After 49 years as a professor of psychology, Dr. William Farmen is saying goodbye to Anderson University. As a graduate of AU, Farmen put almost half a century of time and energy back into the university where his love and interests were born.
“I personally have learned something new every week for the last 35 years from him,” said Dr. Lee Griffith, professor of psychology. “I owe him a tremendous personal debt and will miss all our stimulating conversations.”
During his time as a professor, Farmen never just played the role of instructor. Instead, part of his love for teaching came from open discussions and debates with his students, during which he learned just as much as he taught. “I came to love the intellectual excitement that I experienced,” said Farmen. “My mind was opened to new ideas in philosophy, theology, and psychology.”
Although Farmen is retiring, the impact he has had on students’ lives will continue for years. “He helped me to see the world and people for what they truly are, which sometimes makes life harder, but I’m glad he opened my eyes,” said senior Ashley Kern. Farmen’s passion for teaching is apparent to all his students. Although Farmen’s coursework focused on psychology, he emphasized personal growth and discovery through his teaching, as well.
According to Griffith, there are two major aspects to the legacy Farmen will leave in the Department of Psychology. The first is his development of a rigorous scientific emphasis in the psychology major. This emphasis is evident through the students’ statistical research skills — one of Farmen’s passions. “I think I am a bit odd in that I like statistics and data analysis,” said Farmen, “I have taught intermediate statistics classes almost every year since I started teaching at AU.”
The second major part of his legacy is the interpersonal relations course. Through this popular social skills course, Farmen has taught students to be more honest, assertive, and interpersonally affective. “This course is always popular among both psychology and non-major students,” said Griffith. “It has changed the lives of many students.”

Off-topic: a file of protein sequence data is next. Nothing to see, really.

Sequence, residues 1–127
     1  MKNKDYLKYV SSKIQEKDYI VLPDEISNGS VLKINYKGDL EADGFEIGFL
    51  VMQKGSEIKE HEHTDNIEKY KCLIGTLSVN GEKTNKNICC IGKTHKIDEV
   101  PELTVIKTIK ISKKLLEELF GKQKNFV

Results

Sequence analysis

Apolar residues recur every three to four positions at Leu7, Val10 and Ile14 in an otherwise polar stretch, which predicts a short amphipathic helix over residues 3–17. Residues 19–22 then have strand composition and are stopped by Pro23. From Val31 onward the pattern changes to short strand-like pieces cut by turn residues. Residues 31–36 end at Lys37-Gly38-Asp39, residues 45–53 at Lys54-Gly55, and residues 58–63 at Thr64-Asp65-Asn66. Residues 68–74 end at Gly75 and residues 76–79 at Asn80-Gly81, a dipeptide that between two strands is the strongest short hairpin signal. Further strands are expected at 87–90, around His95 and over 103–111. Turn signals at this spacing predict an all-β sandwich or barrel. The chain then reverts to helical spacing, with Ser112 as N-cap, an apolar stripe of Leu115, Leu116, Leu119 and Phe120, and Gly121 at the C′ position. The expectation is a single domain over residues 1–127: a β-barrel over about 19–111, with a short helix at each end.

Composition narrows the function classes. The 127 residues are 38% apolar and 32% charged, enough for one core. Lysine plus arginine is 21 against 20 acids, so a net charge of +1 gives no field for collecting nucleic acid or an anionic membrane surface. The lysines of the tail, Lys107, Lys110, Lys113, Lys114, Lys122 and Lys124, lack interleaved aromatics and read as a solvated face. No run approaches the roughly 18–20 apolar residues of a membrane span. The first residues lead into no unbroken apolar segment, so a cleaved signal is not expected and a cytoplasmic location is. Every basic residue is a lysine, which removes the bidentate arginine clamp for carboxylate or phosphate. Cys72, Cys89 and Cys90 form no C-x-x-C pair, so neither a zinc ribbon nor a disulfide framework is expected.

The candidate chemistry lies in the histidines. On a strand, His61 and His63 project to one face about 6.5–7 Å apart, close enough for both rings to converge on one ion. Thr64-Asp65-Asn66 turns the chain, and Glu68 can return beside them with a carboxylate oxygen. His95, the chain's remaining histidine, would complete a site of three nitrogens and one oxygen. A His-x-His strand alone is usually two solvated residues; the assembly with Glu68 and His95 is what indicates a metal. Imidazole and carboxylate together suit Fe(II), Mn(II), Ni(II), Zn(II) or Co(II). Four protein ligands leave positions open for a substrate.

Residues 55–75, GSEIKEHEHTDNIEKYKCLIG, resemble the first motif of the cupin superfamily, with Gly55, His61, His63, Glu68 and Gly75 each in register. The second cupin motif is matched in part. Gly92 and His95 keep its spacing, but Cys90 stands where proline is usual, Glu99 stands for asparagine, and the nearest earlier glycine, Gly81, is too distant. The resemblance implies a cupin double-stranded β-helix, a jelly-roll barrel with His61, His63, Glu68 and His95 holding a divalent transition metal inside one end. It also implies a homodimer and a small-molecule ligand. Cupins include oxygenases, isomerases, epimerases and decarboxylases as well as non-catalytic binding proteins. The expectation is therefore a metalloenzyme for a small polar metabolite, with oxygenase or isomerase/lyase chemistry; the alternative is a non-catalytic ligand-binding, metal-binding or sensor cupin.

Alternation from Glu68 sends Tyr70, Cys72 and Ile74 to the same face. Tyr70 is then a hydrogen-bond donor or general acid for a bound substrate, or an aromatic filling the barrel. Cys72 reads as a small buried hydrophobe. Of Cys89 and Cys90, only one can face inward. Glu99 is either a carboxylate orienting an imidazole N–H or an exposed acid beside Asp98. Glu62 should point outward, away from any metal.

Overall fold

While it has long been known to be one of his biggest strengths, the course has also been one of Farmen’s biggest challenges. “I had to be willing to expose my own vulnerabilities to enable my students to express theirs,” said Farmen. Yet, through his humility and honesty, students have taken the skills they learned from this class and applied them to a wide variety of professional activities, such as working in counseling centers, schools, and churches after graduation.
[Photo: The Department of Psychology (from left): Dr. Lee Griffith, Dr. Laura Stull, Dr. Bill Farmen, and Dr. Wayne Priest. See more photos from Dr. Farmen's retirement reception.]
Not only has Farmen touched students’ lives, but they have touched his in return. “My time at AU has been like an adventure, with many twists and turns,” said Farmen. “The realities and entanglements of my life have changed me by broadening my perspective on truth and deepening my understanding of grace and mercy.”
Concluding his years at AU, Farmen is walking away with a new perspective on faith and learning, “I am thankful that I was able to teach in an open and supportive campus,” said Farmen. “It is wonderful that we learn in an environment where students and faculty are able to develop their God-given gifts.” He also added that he is extremely appreciative of all his colleagues, past and present, in the Department of Psychology including Dr. Lewis Hennigar, Dr. John Roys, Dr. Curt Leech, Dr. Lee Griffith, Dr. Linda Swindell, Dr. Wayne Priest, and Dr. Laura Stull.
Visit http://anderso.nu/15MkMra to share your words of appreciation for Dr. Farmen. Gifts can be made to The Farmen Fund, which has been created to assist psychology students with costs associated with undergraduate research projects.
— Katie Wenclewicz is a sophomore from Anderson, Ind., majoring in communication arts and minoring in marketing. Wenclewicz is an associate of Fifth Street Communications®, writing on behalf of the Anderson University Office of University Communications.
Anderson University is a private Christian university of about 2,600 undergraduate and graduate students in central Indiana. Anderson University continues to be recognized as one of America's top colleges by U.S. News and World Report, The Princeton Review, and Forbes. Established in 1917 by the Church of God, Anderson University offers more than 65 undergraduate majors and graduate programs in business, music, nursing, and theology.